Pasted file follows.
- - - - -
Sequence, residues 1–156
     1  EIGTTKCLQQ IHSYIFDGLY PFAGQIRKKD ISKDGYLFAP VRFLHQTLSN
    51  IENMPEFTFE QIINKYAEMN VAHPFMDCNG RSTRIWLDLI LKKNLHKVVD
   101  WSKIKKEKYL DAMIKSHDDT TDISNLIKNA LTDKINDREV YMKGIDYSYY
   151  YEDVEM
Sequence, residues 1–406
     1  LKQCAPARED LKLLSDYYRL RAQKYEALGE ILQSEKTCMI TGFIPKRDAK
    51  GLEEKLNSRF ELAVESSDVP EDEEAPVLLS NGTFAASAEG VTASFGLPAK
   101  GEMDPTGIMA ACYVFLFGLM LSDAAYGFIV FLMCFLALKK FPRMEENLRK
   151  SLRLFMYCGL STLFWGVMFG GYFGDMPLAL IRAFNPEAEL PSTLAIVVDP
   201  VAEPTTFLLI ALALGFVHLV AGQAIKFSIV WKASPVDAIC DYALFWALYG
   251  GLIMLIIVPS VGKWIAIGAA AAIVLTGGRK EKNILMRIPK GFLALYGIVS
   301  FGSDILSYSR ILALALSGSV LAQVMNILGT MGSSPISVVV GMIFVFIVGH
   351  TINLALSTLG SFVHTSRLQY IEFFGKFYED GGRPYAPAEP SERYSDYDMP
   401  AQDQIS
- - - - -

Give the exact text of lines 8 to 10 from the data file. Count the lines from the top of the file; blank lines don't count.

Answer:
    51  GLEEKLNSRF ELAVESSDVP EDEEAPVLLS NGTFAASAEG VTASFGLPAK
   101  GEMDPTGIMA ACYVFLFGLM LSDAAYGFIV FLMCFLALKK FPRMEENLRK
   151  SLRLFMYCGL STLFWGVMFG GYFGDMPLAL IRAFNPEAEL PSTLAIVVDP